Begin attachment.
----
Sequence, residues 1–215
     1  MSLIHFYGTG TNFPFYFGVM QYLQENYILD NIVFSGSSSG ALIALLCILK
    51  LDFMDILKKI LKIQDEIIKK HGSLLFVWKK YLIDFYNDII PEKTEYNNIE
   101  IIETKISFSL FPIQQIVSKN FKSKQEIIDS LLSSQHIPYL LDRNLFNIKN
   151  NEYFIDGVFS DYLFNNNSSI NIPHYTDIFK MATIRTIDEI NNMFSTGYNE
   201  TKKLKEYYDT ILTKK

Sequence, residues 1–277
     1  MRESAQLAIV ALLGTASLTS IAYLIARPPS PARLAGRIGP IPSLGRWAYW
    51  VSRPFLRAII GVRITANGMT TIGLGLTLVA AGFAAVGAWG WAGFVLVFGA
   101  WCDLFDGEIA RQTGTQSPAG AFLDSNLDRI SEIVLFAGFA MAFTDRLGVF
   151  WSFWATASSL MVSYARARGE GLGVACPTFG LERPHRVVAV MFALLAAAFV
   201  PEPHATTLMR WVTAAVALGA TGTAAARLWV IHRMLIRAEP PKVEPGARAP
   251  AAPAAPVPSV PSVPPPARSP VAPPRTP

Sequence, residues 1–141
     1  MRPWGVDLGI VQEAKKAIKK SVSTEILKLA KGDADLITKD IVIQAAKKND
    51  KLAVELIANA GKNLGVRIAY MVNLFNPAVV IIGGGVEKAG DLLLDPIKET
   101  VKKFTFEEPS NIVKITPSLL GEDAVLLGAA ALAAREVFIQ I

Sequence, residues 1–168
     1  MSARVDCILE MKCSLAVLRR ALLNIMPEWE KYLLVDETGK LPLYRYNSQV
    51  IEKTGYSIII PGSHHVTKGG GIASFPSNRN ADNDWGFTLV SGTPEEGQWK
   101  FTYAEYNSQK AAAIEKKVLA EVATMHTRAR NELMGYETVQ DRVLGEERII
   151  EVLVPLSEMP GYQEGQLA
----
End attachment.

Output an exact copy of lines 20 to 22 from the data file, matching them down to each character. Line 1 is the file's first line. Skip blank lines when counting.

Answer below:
    51  IEKTGYSIII PGSHHVTKGG GIASFPSNRN ADNDWGFTLV SGTPEEGQWK
   101  FTYAEYNSQK AAAIEKKVLA EVATMHTRAR NELMGYETVQ DRVLGEERII
   151  EVLVPLSEMP GYQEGQLA